The fight over voting rights is a highly partisan battle over how voting ought to work and which regulations are needed to make sure voting is accessible and fair.
This fight heated up after the 2010 midterm elections, when many state legislatures with new Republican majorities passed laws establishing new voting restrictions, including measures that limited absentee, early, or Sunday voting, and laws requiring that people show identification before casting a ballot. Various groups have challenged these laws in court.
Most of the legal battles over these voting restrictions involve the Voting Rights Act of 1965, which was designed to get rid of state and local laws that made it difficult or impossible for African Americans to vote. A 2013 Supreme Court case, Shelby County v. Holder, struck down part of the Voting Rights Act. That made it tougher for the federal government to enforce the act, and cleared the way for another new wave of state and local voting restrictions. While none of the new laws — for example, photo identification requirements — explicitly discriminate against any group, civil rights advocates argue that they create hurdles that indirectly keep poor people, senior citizens, and people of color from voting.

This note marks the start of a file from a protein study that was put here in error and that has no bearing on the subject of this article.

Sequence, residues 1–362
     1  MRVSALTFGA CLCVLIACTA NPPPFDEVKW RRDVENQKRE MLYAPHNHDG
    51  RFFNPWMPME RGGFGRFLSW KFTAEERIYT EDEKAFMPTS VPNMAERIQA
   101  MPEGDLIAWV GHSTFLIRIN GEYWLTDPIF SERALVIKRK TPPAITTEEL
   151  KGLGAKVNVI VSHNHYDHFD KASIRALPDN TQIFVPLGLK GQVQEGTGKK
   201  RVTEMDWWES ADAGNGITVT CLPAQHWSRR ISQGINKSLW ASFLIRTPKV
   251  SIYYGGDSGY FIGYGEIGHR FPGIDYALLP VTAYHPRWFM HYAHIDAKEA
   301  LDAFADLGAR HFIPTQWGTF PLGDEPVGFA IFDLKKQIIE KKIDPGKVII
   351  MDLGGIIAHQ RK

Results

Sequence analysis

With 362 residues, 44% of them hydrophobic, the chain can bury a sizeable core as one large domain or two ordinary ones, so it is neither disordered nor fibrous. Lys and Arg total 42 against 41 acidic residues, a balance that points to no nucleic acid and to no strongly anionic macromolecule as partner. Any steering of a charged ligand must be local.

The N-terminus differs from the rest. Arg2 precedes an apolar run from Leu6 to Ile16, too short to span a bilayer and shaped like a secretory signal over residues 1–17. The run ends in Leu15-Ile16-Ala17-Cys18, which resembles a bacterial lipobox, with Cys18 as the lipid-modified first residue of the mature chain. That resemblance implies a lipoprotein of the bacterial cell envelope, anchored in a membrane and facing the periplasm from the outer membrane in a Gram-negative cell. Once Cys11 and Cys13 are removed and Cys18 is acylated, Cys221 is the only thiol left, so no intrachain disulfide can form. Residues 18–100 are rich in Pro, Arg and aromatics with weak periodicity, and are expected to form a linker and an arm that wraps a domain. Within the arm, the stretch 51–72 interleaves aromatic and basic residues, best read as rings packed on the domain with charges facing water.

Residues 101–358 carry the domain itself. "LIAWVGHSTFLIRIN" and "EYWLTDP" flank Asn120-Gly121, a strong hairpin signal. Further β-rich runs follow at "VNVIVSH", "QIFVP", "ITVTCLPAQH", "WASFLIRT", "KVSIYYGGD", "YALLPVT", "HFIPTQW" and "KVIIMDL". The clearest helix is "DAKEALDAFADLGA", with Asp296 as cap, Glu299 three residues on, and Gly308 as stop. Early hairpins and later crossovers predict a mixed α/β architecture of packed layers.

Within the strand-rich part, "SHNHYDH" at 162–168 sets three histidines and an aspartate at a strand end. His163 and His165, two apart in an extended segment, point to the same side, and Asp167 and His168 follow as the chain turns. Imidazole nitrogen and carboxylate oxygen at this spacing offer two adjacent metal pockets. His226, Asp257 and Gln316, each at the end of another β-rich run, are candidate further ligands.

The fight over voting rights also includes grassroots efforts to lift state-level voting restrictions. And there have been bipartisan efforts by members of Congress to pass laws that would fill in the holes the Shelby decision left in the VRA’s protections.